A relevant Shopping basket?

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Our cost of living is judged partly by a government indices from the Office for National Statistics (ONS) that is based around a ‘virtual shopping basket’ – it has almost 400 items within it and is supposed to be a ‘snap shot’ of what the average family in the UK buys day-to-day. Consequently as the cost of items in it changes it should give a picture of where living costs are going for the average British citizen.

some of the new additions

It is something that we take on face value, but recent changes to the basket made me look more closely at the items, the list is huge – but there were a few surprises!

New additions to the list are tablet computers and teenage fiction (a good thing as it suggests that kids are actually reading).Tablet computers such as iPads have been added as they represent a “significant and growing market”. Fiction was previously covered by children’s and adult books, but with the growing popularity of many titles aimed specifically at teenagers, they have also been added to the basket on their own.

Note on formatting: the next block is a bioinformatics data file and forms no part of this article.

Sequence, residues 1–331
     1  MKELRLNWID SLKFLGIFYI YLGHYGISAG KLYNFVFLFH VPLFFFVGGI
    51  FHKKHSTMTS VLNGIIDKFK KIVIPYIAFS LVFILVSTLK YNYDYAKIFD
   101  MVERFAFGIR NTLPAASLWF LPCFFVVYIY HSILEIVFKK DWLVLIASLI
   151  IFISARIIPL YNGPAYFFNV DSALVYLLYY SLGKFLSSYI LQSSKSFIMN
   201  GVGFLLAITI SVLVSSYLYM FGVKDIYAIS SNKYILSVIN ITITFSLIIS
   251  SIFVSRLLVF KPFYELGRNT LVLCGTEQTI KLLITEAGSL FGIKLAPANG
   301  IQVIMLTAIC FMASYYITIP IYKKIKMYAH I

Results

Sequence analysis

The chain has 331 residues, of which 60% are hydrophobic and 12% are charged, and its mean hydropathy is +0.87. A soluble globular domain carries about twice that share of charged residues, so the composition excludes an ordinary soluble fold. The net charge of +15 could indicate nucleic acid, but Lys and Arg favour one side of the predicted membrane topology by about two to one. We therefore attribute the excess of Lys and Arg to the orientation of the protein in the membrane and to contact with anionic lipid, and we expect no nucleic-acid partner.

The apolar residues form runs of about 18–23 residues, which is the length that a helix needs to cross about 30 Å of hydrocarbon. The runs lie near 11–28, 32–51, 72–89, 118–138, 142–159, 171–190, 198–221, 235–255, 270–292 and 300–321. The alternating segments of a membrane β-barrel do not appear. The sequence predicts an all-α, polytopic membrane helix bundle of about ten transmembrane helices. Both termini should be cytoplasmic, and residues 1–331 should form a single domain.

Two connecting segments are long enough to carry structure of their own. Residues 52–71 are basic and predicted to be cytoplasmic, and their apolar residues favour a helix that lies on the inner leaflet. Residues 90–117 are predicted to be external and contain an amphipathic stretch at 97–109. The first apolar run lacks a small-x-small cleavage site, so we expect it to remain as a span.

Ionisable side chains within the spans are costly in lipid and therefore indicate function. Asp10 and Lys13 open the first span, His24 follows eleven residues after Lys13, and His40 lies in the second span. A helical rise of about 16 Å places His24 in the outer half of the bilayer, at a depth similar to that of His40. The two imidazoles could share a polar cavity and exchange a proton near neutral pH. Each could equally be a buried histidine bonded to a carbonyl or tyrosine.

Rather randomly, glass casserole dishes and step ladders have been removed. Somewhat more worryingly charges for developing film have only just been dropped out. When did you last take a roll of film to be developed? Doesn’t everyone use digital cameras or camera phones now?

Bundled communication packages comprising telephone, internet and television are also included for the first time.Β The ONS is increasingly collecting prices from large supermarkets as they venture into new areas.

Technology products and services have regularly been added to the inflation basket in recent years. Twelve months ago, the ONS added smart phones and apps. The list can is thought to shed light on changing spending patterns, quite how I am not sure – in 2010, lip gloss and fish fingers were added!

the list actually makes quite a bizarre read, it paints a picture of life in the UK, and some of the items make you wonder!


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